Robot-Assisted Thoracic Procedures
Robot-Assisted Thoracic Procedures
|Keyhole incisions and specialized equipment are used for a robot-assisted thoracic procedure.|
|Copyright © Nucleus Medical Media, Inc.|
Reasons for Procedure
- Require precision
- Do not require open access
- Thymectomy —removal of the thymus gland
- Lobectomy —removal of a lung lobe
- Esophagectomy —removal of the esophagus
- Mediastinal tumor resection —removal of tumors located in the mediastinum (the part of the chest cavity that separates the lungs)
- Sympathectomy—cauterizing a portion of the sympathetic nerve
- Less scarring
- Reduced recovery times
- Less risk of infection
- Less blood loss
- Reduced trauma to the body
- Shorter hospital stay
- Faster recovery
- Collection of air or gases in the lung cavity ( pneumothorax )
- Collapsed lung
- Need for a prolonged artificial respiration on a ventilator (breathing machine)
- Damage to neighboring organs or structures
- The need to switch to traditional surgical methods (eg, traditional laparoscopic or open surgery)
- Anesthesia-related problems
- Nerve damage
What to Expect
Prior to Procedure
- Physical exam
- Blood tests and urine tests
- Chest x-ray —a test that uses radiation to take a picture of structures inside the chest
- Pulmonary function test —a test to assess lung function
- Upper GI series —x-ray of the esophagus, stomach, and part of the small intestines after swallowing a barium solution
- Electrocardiogram (ECG, EKG) —a test that records the electrical currents passing through the heart muscle
- Ultrasound —a test that uses sound waves to visualize the inside of the chest
- CT scan —a type of x-ray that uses a computer to create images of structures inside the chest
- MRI scan —a test that uses powerful magnets and radiowaves to create images of structures inside the chest
- Upper endoscopy —a lighted tube equipped with a camera is used to visualize the inside of the esophagus, stomach, and part of the small intestines
Talk to your doctor about your medicines. You may be asked to stop taking some medicines up to one week before the procedure, like:
- Anti-inflammatory drugs (eg, aspirin )
- Blood thinners such as clopidogrel (Plavix) or warfarin (Coumadin)
- Take antibiotics if instructed.
- Follow a special diet if instructed.
- Take a laxative and/or use an enema to clean out your intestines if instructed.
- Shower the night before using antibacterial soap if instructed.
- Arrange for someone to drive you home from the hospital. Also, have someone to help you at home.
- Eat a light meal the night before. Do not eat or drink anything after midnight.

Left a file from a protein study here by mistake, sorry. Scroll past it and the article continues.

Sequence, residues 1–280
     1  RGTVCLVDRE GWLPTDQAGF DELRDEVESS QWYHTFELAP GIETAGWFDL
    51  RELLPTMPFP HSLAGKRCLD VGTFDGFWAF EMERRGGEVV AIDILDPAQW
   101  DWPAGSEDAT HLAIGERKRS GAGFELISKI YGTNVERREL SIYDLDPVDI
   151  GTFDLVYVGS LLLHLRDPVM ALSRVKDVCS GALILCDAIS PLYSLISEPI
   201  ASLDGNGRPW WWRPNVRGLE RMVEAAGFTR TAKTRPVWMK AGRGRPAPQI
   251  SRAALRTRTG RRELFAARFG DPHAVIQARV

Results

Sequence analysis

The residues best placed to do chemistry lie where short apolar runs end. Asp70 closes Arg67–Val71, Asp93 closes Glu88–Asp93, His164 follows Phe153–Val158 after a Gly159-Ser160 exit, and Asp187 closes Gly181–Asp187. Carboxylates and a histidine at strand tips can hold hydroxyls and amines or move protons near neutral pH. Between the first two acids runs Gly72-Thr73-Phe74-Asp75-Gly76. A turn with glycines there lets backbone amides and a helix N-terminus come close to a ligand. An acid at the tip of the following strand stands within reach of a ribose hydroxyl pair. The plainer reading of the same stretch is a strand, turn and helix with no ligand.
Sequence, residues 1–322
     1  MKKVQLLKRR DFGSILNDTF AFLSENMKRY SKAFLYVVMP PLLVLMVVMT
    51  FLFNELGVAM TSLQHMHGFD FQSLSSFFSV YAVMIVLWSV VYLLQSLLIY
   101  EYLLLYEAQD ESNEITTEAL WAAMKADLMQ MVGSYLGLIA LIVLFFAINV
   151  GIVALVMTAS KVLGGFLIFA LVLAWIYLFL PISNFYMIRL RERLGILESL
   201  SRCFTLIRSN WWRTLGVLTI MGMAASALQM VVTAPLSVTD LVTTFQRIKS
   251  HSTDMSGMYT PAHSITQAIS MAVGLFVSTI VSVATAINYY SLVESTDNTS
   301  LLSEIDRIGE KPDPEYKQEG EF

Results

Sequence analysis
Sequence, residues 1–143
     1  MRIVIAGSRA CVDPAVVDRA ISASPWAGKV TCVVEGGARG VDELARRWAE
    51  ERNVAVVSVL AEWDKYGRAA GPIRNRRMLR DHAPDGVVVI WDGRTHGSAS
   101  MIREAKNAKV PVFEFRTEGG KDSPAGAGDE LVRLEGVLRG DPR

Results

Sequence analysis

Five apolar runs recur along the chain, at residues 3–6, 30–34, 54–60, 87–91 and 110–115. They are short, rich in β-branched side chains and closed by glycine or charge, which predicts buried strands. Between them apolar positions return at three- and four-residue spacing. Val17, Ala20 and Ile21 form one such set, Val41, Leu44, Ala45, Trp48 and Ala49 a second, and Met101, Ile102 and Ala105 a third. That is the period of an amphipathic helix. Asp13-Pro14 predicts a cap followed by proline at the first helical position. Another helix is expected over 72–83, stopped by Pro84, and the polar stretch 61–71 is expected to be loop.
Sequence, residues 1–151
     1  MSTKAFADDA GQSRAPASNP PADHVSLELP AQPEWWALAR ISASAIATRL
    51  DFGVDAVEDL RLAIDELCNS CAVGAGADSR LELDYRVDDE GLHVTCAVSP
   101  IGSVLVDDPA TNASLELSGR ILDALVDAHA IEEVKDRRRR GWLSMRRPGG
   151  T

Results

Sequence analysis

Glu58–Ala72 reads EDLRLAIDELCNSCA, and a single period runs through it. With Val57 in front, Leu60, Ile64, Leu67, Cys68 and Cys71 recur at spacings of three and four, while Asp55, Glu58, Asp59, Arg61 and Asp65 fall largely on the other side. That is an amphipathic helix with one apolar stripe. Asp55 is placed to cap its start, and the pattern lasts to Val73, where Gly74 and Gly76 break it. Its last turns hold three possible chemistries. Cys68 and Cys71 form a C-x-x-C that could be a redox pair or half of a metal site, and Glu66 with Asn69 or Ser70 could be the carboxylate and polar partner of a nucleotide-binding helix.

Description of the Procedure
Immediately After Procedure
How Long Will It Take?
How Much Will It Hurt?
Average Hospital Stay
- Assistance sitting up and moving around soon after surgery
- Instructions on what you should eat and how to restrict your activity
- Nutrition through a feeding tube in the days after surgery (You will gradually progress from a liquid to a solid diet.)
- Directions on how to do deep breathing and coughing exercises
- Take antibiotics to prevent infection if instructed.
- Avoid certain medicines.
- Resume normal activities (eg, daily walks) soon. This will promote healing.
- Wash the incisions with mild soap and water.
- Ask your doctor about when it is safe to shower, bathe, or soak in water.
- Limit certain activities (eg, driving, working, doing strenuous exercise) until you have recovered.
- Be sure to follow your doctor's instructions.
Call Your Doctor
- Cough or shortness of breath
- Coughing up yellow, green, or bloody mucus
- New chest pain
- Signs of infection, including fever and chills
- Redness, swelling, increasing pain, excessive bleeding, or discharge from an incision site
- Difficulty urinating, such as pain, burning, urgency, frequency, or bleeding
- Pain and/or swelling in your feet, calves, or legs
- Persistent nausea, vomiting, and/or diarrhea
- Headache, feeling faint or dizzy
- Other worrisome symptoms
American College of Surgeons http://www.facs.org/
Society of Thoracic doctors http://www.sts.org/
Canadian Agency for Drugs and Technologies in Health http://www.cadth.ca/
Canadian Lung Association http://www.lung.ca/
Esophageal cancer—esophagectomy. University of Maryland Medical Center website. Available at: http://www.umm.edu/thoracic/esoph%5Fsurgery.html . Accessed July 21, 2006.
Rea F, Marulli G, Bortolotti L. Robotic video-assisted thoracoscopic thymectomy. Multimedia Manual of Cardiothoracic Surgery website. Available at: http://mmcts.ctsnetjournals.org/cgi/content/full/2005/0324/mmcts.2004.000422 . Published March 24, 2005. Accessed July 21, 2006.
Sympathectomy. New York Presbyterian Hospital website. Available at: http://www.nyp.org/health/sympathectomy.html . Accessed May 5, 2008.
Thoracic applications. Intuitive Surgical website. Available at: http://www.intuitivesurgical.com/clinical/thoracicapplications/index.aspx . Accessed July 21, 2006.
Thoracic lobectomy. New York-Presbyterian Hospital website. Available at: http://www.nyp.org/masc/lobectomy.htm . Accessed September 16, 2009.
Thymectomy. Myasthenia Gravis Foundation of America website. Available at: http://www.myasthenia.org/information/thymectomy.htm . Accessed July 21, 2006.
- Reviewer: Rosalyn Carson-DeWitt, MD
- Review Date: 12/2011 -
- Update Date: 12/30/2011 -